Cinema of Commoning 2
Symposium, Screenings, Talks
We have made a home out of a ghost of a cinema

Interview with Ares Shporta, Kino Lumbardhi

Kino Lumbardhi is a cinema and arts space located in the historic center of Prizren, Kosovo. Established in 1952, the cinema was saved from demolition and privatization after two civil initiatives in 2007 and 2014, and is now run by the Lumbardhi Foundation.

Kino Lumbardhi chose Vera Dreams of the Sea to present as part of the Cinema of Commoning Film Program. Ahead of the screening on Wednesday 29 May 2024 at SiNEMA TRANSTOPIA, we spoke to Ares Shporta from the team about this unusual story of cinematic history and survival.

Credit: Agon Dana

Introduce us to Kino Lumbardhi – how would you describe the cinema to someone who has never visited? What is special about your cinema?

Kino Lumbardhi is more than a cinema; it’s a space which feels like the living room of Prizren’s historic center. With its back to the main bridge and the Lumbardhi river, the building hides a garden cinema and an indoor memory machine. Opening its doors just 23 years after the town’s first electrical light bulb was lit, the cinema was a symbol and vehicle for accelerated modernization and communication with the world through its screens. Its tumultuous history—from construction to attempts at demolition, from glory days to periods of decay and revival—tells a story of survival which reflects the broader context of cinemas in the region, and the contradictions of a city going through various socio-political changes over time.

Can you tell us a bit more about the history of the cinema, the attempts to demolish it, and how Kino Lumbardhi has played a role in fighting for a more open-to-all public space in Prizren?

Research by my colleagues Bengi Muzbeg and Tevfik Rada reveals a history of attempts to demolish the cinema dating back to 1972, when the cinema was just 20 years old. Whether because it was perceived as ugly, badly-positioned or not modern enough, the threat of demolition loomed, driven by the interest of private investors, who wanted to repurpose the site for a shopping mall or a parking lot. What was particular about Lumbardhi cinema was that it became the site of the major documentary film festival DokuFest, and this high-profile festival created an unusual power dynamic, demonstrating the potential of this kind of “unsustainable cinema” to succeed. Nevertheless, despite the festival’s success, the cinema still lacked institutional support, and the festival and other activists had to continually fight for the cinema’s survival. Across two critical campaigns, we gathered over 8000 signatures and the support of 58 nonprofits to save the cinema twice. After our initial campaign in 2007, we had learned the importance of offering a clear proposition, including specific details about our legal, infrastructural, managerial and programming approaches, leading to our second critical campaign in 2014. While that campaign managed to stop the authorities from closing the cinema, it also made us take responsibility and initiative to lead the process ourselves. Our demands became a kind of roadmap for the whole next decade spent figuring out the future of the institution and testing it in real time.

On your website you talk about Lumbardhi’s role as “a site of memory.” How does history, heritage and memory shape your work day to day?

Lumbardhi was saved by being granted heritage site status due to its importance to collective memory, and its role within the wider community. The Lumbardhi Foundation was established to deliver that promise and as part of its role in shaping the future of the cinema, it had the responsibility to understand and interpret its past, and put it in a broader historic and social context. Not just to build a sense of continuity, but also to reconcile some of the more challenging aspects of its past which might spark conflicting emotions for many people.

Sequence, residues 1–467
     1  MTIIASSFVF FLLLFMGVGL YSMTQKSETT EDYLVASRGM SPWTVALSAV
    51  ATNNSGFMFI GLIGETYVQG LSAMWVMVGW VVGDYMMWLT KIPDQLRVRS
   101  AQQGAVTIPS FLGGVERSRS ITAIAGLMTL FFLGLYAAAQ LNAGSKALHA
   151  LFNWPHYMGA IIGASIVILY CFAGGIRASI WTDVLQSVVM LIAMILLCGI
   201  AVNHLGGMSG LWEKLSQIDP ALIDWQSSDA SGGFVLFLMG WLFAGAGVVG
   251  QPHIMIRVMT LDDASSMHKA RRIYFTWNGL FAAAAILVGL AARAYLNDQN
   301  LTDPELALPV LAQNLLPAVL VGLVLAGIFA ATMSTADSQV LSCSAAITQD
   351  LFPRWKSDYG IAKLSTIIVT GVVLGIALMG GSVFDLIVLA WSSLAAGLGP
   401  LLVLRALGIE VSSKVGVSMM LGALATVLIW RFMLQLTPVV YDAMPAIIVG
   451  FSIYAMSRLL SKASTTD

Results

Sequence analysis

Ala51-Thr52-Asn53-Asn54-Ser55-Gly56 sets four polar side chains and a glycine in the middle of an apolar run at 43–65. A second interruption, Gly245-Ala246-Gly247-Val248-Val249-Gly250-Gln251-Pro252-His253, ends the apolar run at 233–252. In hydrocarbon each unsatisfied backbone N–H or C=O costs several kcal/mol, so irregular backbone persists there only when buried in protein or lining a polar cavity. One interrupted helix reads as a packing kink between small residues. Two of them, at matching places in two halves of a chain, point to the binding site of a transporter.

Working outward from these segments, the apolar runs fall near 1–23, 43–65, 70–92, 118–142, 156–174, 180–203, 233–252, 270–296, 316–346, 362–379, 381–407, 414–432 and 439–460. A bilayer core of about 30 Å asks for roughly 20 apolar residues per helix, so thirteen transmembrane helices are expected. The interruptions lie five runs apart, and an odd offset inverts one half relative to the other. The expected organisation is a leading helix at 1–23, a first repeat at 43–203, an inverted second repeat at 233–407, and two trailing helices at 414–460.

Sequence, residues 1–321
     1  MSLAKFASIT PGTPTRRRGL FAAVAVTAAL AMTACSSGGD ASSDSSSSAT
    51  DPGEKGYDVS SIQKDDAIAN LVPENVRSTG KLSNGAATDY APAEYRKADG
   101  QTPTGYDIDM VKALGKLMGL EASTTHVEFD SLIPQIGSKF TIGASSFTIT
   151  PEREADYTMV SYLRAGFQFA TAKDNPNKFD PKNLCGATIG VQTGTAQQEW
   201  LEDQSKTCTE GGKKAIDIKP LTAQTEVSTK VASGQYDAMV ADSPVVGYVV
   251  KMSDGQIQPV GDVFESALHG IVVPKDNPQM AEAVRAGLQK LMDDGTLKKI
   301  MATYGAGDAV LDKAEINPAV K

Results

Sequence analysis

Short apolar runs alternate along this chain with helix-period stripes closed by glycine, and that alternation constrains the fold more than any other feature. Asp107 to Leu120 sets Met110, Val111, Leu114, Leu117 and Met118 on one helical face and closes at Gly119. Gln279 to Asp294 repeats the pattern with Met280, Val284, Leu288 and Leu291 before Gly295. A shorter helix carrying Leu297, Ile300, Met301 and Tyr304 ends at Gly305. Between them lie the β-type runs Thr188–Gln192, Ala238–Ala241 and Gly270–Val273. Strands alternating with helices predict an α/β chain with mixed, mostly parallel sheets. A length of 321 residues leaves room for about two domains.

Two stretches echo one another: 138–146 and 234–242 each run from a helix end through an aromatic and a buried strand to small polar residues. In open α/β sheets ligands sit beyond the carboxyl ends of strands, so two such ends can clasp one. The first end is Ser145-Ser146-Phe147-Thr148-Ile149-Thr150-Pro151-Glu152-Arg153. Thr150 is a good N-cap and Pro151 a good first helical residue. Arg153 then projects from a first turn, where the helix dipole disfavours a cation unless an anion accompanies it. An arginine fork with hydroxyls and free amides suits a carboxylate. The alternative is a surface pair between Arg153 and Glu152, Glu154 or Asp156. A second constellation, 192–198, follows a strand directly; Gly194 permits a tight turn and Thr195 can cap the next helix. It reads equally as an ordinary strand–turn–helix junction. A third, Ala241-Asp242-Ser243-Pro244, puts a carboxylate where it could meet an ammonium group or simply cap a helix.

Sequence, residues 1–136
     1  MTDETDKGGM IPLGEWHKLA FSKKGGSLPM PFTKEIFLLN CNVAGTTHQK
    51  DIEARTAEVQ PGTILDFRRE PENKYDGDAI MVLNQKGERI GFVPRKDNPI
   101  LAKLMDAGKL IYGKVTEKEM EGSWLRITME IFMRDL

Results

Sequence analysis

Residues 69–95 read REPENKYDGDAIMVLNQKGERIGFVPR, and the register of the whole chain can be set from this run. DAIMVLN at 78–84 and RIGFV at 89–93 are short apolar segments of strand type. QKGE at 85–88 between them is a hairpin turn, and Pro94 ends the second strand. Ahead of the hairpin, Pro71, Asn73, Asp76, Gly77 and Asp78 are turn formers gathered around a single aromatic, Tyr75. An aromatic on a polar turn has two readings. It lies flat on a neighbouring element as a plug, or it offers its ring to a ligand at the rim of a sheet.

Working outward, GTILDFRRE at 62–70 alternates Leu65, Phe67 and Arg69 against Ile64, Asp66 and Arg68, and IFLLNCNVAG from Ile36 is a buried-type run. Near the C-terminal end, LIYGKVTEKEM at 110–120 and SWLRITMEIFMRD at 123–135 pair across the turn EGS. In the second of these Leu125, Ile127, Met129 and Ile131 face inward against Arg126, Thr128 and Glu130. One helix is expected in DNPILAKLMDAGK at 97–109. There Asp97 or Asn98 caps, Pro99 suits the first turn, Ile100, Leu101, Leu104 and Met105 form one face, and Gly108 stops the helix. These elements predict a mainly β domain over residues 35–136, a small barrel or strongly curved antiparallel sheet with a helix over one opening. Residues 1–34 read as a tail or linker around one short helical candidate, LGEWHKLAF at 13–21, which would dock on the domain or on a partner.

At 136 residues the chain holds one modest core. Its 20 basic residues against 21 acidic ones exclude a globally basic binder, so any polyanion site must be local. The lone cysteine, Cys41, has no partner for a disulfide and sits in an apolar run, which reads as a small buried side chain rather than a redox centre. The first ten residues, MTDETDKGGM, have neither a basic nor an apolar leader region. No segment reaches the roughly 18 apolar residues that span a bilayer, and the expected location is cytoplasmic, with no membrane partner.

At its core, the site itself triggers memories, especially for those who have had experiences here in the past and whose lives were intertwined with this building. It stands as a living testament to Lumbardhi’s evolution into the contemporary institution it embodies today, and as a gateway to the little that remains of the Yugoslav modernist aesthetics, mid-20th century cinemas and a Prizren that is vanishing rather quickly. It is also an entrance into a more pluralistic and inclusive history of cinema from around the world, to the best of our ability.

Yet, this process also led us to see firsthand the public amnesia caused by war, institutional disruptions, dispersed archives and the absence of active contemporary memory institutions who might provide a more inclusive, bottom-up or collective approach to memory, be it in Prizren or in Kosovo. This prompted us to start exploring various social and cultural micro-histories, addressing stories we stumbled across, and initiating a process of collecting, digitizing and archiving primary material. Alongside all this, we are continuing to build our capacities to critically engage with these experiences and translate them into books, exhibitions, courses or research projects.

Credit: David Çavollari

Kino Lumbardhi hosted the first edition of DokuFest, a significant gathering point for cinephiles in the region. Do you still have a relationship with the festival and in what way has that relationship, past and present, been important to you?

The survival of Kino Lumbardhi cannot be imagined without the collective efforts of citizens, cinephiles and artists who joined forces to set up DokuFest as an attempt to revive the cinema and cultural life of the post-war Prizren. It is difficult to think of one without the other.

The festival has set a benchmark in terms of programming, leaving an incredible mark on both the city and the country at large. I grew up with DokuFest in Prizren being the only time of the year when I could really enjoy the city. When I was “summoned” to my hometown to take the job, the idea that some people could do DokuFest made me believe that actually anything is possible in this town. It generated a spirit of possibility and courage to try out new things. 

DokuFest has an evolving relationship with Kino Lumbhardhi, which started out as a more parental one in the beginning and has since grown into more of a partnership and friendship. We exchange knowledge, experience and programs, and have at various stages worked together in solidarity to build common visions and infrastructures. We run a film club together, a program for the festival and have more plans to work together in the future which are currently in the making.